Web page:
Two: Zhang and Driesch between Republican China and Weimar Germany Hans and Margarete Driesch in Republican China
After his collaboration with Eucken, Zhang returned to China and promoted German Idealism (particularly Kant and Hegel), social democratic political and economic thought, and the neo-idealistic and the neo-vitalist life-philosophies of Eucken, Driesch, and Bergson in his writing, teaching, and public lecturing.
Zhang’s mentor Liang Qichao founded the Chinese Lecture Association (jiang xue she M^ji) that invited Bertrand Russell, Hans Driesch, John Dewey, and Rabindranath Tagore to lecture in China between 1920 and 1924. These lectures were major cultural events that were well received among Chinese intellectuals. Zhang and Liang had initially invited Eucken to China. He declined due to his advanced age and they hosted instead, with Eucken’s encouragement, Driesch’s visit to China for nine months during 1922-1923.37 Zhang reports in his 1922 article on Driesch, which summarizes Driesch’s thought for Chinese audiences prior to his visit, that its significance lies in its break with the abstractions of Neo- Kantianism and his articulation of the “living I.”38 Zhang glosses Driesch’s biological and logical works and focuses on his dynamic conception of the self as well as his “methodological solipsism,” which was an important source—along with Driesch’s system of logic called a theory of order (Ordnungslehre)—for the early Rudolf Carnap’s Logical Formation of the World (Der logische Aufbau der Welt, 1928).
At a conference held at the conclusion of Driesch’s stay in Beijing, Zhang described how he was interested in Driesch’s philosophical project insofar as it promised to unite life-philosophy and science by providing an “idealist foundation” for contemporary scientific and experimental inquiry.39 Zhang emphasized that Driesch’s philosophical importance resides in his scientifically oriented critique of Darwinism and associational psychology as well as in his conception of ideality (rationality) as allowing for a holistic explanation of the interconnectedness of the whole and its parts.40 Driesch offered Chinese intellectuals an alternative holistic paradigm for philosophical-scientific inquiry in contrast with the previous two recent philosophical visitors to China, Bertrand Russell and John Dewey.41 Zhang then turned to address the common problems of China and Germany, two countries both threatened by crisis and peril.42 In addition to Zhang’s lecture, Driesch himself and the Sinologist Richard Wilhelm, among others, would give lectures at this farewell event.43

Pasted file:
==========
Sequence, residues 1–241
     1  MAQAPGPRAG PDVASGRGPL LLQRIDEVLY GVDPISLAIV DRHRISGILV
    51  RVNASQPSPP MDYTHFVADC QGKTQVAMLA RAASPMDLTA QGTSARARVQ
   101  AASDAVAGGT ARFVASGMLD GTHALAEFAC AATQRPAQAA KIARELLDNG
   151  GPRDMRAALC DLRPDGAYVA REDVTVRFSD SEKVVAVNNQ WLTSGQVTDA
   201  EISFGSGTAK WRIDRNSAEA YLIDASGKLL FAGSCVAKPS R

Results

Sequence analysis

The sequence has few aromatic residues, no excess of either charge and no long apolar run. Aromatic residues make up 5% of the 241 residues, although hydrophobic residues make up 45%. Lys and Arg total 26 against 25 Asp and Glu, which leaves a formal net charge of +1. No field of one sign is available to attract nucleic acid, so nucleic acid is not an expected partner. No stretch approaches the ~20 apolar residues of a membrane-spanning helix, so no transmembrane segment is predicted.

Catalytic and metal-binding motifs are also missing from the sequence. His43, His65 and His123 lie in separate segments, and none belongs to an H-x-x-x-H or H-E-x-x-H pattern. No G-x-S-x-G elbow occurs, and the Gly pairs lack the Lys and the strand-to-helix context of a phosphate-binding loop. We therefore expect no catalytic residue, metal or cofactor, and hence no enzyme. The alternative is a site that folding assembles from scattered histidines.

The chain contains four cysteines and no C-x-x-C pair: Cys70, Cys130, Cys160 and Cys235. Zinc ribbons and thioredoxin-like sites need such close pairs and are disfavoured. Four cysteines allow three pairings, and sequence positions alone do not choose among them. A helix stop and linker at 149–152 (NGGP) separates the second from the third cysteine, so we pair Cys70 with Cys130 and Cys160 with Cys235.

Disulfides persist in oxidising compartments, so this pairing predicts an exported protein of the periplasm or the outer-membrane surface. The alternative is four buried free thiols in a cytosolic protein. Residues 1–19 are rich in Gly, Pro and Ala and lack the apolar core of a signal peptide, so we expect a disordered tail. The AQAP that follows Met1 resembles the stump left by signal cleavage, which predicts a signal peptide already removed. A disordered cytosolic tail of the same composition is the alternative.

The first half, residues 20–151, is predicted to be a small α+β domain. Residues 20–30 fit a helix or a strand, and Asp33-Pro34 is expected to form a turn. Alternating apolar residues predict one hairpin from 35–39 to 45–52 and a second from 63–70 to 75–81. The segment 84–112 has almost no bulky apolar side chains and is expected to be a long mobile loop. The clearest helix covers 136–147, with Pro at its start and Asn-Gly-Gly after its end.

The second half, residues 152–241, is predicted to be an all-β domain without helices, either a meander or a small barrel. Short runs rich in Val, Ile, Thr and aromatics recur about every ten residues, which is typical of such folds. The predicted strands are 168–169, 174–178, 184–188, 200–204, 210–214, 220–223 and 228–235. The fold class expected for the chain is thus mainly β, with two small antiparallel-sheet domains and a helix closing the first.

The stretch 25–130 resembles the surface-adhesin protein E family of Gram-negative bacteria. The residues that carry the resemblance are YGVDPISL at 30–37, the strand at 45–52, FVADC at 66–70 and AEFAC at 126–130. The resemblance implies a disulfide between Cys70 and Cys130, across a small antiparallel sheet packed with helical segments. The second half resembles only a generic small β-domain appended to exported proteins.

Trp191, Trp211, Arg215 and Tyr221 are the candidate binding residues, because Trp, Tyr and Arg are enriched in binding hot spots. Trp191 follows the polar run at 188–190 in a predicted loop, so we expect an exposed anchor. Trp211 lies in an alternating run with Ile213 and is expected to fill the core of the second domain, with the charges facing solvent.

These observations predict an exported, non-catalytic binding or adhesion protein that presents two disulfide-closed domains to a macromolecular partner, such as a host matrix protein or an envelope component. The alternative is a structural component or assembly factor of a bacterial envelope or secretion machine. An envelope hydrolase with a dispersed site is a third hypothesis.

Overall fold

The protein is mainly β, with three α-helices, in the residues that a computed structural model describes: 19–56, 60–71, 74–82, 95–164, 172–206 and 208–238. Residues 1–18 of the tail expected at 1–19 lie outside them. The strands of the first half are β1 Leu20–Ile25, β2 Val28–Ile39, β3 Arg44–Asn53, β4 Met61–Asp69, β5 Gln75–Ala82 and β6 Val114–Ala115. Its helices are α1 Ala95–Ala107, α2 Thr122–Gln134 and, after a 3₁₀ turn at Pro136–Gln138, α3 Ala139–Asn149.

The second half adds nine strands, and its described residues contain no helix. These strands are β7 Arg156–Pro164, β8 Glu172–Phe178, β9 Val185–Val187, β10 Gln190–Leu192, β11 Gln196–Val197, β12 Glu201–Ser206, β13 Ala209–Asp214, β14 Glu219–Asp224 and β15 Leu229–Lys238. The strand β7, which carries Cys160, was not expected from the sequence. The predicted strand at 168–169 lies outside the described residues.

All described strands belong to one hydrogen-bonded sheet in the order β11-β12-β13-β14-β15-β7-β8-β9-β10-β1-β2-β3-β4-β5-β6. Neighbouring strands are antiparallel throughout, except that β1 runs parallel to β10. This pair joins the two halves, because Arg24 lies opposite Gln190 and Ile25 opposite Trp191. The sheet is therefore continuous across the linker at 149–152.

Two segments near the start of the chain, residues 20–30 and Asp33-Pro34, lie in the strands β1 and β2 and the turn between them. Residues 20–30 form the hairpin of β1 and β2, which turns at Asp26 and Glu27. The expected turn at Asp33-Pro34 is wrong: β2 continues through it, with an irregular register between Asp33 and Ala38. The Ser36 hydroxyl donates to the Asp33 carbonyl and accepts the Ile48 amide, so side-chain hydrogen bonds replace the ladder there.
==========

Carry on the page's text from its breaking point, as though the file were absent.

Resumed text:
During his nine months in China, which the spouses Margarete (nee Reifferscheidt, 1874-1946) and Hans Driesch retrospectively described as an especially happy time in their life, Driesch lectured at the National Southeastern University in Nanjing and Peking University (4ЬЖ^^) on
Kant, the philosophy of the organic, contemporary philosophical tendencies, and problems of modern psychology.44 Qu Shiying Шй^ (1901-1976) (alias Qu Junong ШЙЖ) worked as Zhang’s assistant during Driesch’s visit. Qu was the first Chinese person to receive a Ph.D. from Harvard University, which he received in philosophy a few years later in 1926. Driesch describes becoming friends and interlocutors with Zhang and Qu, thanking them both in the preface to The Far-East as Guest of Young China (Fern-Ost als gaste Jungchinas, published in German in 1925) and his Fundamental Problems of Psychology: Its Crisis in the Present (Grundprobleme der Psychologie: Ihre Krisis in der Gegenwart, 1926) written on the basis of his lectures in China.45 Driesch also wrote his Theory of Relativity Theory and Philosophy in 1923 (Relativitatstheorie und Philosophie, 1924) while in China at the request of Zhang. In this text, which was dismissed by physicists as a merely philosophical critique, he argued for the logical incoherence of the theory of relativity.46 Zhang translated Driesch’s critique of Einstein’s theory of relativity, a critique with which he disagreed, in the hope of fostering a Chinese debate that failed to emerge.47
Hans and Margarete Driesch consider in their co-written work about their time in China from October 1922 to July 1923, The Far-East as Guest of Young
China, whether Europeans can have a more adequate view of relations in East Asia to replace the old myths and prejudices.48 The work was not composed as a scientific work nor as “a travel dairy of a philosopher,” a reference to the popular work of Hermann Graf Keyserling (1880-1946), The Travel Diary of a Philosopher (Das Reisetagebuch eines Philosophen, 1919) that employed the style of a travelogue as a point of departure for varied philosophical reflections.49 Despite this disavowal, the couple engaged in philosophical reflections about their experiences in China as well as reflections on Chinese philosophy, religion, and culture. They describe the goal of their book in loftier terms, in opposition to German nationalism and fascism, as furthering political enlightenment concerning the German relationship with the world and indicating how Germany does not stand alone in isolation from the world.50 The internationalist message of this work also informed Margarete Driesch’s other work based on her experiences abroad and correspondence with women throughout the world, Women beyond the Ocean (Frauen Jenseits der Ozeane, published in 1928), which gathered contributions from contemporary female voices from Africa and Asia.51
The Drieschs’ cosmopolitanism is palpable in Hans Driesch’s political activism against militarism and nationalism after his return to Germany. It stands out in an epoch of growing nationalist resentment that would lead a few years later to the collapse of the Weimar Republic and the National Socialist assumption of power in 1933.